- In order to access the selected book, you have to determine the selected category, first, then get the selected book from that one.
In other words, you just have to navigate your composite VM through the SelectedXXX properties.

- In order to invoke an action from the Application Bar, the action should live in the VM bound to the view containing the AppBar. In your scenario, the action should be in the ShellVM.
From there, you can access the currently selected book as I mentioned before.

 

Does it help?

 

Apr 29, 2011 at 3:23 AM

Thanks for taking the time to explain that. I guess it wasn't really what i was expecting. I thought there was some way that binding or action would bubble up or down the UI Tree.  but it looks like you just need to drill into the active items. Something like ActiveItem.ActiveItem.ActiveItem.ActiveItem, being the Shell, Library, Category, Day. To me this seems a little unreadable though.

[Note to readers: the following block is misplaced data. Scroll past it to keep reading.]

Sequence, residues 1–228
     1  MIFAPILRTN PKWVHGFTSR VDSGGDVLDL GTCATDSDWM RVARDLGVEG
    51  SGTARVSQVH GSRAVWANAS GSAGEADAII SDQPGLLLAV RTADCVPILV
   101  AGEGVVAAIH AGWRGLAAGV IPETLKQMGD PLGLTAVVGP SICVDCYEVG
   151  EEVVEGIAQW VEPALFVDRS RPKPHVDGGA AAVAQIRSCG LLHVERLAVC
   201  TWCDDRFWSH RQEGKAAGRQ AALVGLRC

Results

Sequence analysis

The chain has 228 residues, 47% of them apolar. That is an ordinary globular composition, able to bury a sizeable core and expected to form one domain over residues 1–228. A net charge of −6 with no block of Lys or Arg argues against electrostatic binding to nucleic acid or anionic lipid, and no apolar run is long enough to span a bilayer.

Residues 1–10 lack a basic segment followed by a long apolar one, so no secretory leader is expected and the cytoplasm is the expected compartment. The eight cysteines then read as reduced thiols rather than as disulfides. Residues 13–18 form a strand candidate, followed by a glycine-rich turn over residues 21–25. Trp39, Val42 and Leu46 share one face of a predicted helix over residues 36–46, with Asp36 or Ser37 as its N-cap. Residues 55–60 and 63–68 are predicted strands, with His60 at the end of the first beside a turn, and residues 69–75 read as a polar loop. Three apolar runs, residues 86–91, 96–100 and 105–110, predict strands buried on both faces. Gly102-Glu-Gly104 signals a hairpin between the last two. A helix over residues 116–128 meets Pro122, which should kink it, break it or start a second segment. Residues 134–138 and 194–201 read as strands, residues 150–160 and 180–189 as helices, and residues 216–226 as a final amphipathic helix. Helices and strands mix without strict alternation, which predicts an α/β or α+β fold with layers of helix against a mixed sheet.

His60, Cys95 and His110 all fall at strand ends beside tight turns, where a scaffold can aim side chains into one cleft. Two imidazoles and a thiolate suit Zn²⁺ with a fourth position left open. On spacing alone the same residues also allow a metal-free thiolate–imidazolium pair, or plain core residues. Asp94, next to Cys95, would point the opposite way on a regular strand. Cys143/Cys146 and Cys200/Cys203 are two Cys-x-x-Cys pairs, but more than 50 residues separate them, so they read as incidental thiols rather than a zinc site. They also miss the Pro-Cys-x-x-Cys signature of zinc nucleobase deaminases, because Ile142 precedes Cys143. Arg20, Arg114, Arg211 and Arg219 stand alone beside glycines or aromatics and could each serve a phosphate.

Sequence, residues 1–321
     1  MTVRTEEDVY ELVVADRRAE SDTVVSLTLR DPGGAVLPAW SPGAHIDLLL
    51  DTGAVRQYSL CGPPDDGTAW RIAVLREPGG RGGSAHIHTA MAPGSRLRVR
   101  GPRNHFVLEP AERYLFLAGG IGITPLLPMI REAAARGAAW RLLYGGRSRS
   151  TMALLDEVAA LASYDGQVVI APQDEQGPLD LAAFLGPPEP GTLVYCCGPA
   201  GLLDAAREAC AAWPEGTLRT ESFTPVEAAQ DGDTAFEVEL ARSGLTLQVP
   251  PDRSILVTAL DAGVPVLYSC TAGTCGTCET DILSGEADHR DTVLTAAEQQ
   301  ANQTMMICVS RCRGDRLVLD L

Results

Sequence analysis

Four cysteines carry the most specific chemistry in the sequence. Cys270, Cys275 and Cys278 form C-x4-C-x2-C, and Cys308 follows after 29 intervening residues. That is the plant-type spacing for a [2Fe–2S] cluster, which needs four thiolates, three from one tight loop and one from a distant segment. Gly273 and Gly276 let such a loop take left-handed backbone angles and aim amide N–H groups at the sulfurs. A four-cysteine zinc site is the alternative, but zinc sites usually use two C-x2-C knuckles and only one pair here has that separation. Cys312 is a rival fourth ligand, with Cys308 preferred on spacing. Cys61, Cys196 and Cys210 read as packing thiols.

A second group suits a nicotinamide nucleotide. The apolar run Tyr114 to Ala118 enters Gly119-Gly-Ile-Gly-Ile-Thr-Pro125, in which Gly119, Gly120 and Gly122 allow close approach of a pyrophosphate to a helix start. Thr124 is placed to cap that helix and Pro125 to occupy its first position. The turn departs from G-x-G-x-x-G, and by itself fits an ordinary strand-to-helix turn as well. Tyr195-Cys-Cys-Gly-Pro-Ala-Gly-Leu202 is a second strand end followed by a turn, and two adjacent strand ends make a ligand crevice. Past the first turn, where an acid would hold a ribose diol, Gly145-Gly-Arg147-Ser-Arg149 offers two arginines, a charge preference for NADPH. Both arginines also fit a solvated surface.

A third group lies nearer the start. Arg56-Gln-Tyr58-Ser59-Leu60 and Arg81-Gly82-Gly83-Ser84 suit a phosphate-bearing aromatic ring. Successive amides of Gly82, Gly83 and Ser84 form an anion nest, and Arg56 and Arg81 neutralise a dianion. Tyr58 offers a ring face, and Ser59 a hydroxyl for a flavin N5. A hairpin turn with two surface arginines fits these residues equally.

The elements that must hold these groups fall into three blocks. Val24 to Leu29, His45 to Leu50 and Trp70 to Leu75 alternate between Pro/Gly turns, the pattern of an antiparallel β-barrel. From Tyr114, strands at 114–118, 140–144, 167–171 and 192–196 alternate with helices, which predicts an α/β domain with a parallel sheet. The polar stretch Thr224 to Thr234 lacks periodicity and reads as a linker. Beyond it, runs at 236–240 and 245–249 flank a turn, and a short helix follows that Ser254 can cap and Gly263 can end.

Apr 29, 2011 at 4:32 AM

Also if you where to go the screen approach what's the recommended way to design your models. Would you keep them hierarchical and pass it down into the constructor of each screen or would you flatten them and keep a record of the parent object. like a book needs to remember the category (though in my real app the object in place of the category can change)

Apr 29, 2011 at 9:02 AM

Actions actually *do* bubble, but just from leaf to root nodes. For example, if you had a button in the BookView, it could invoke a "DoWhatever" action in the ShellVM.
Your scenario, as I understand it, is different: you have to trigger an action living in the ShellVM from the root of the UI tree (namely, from the AppBar in the ShellView).
The tricky part is that the action has to operate on the currently selected item; in other words, the action has to know about the current "state" (which includes current selections) of the whole VM tree.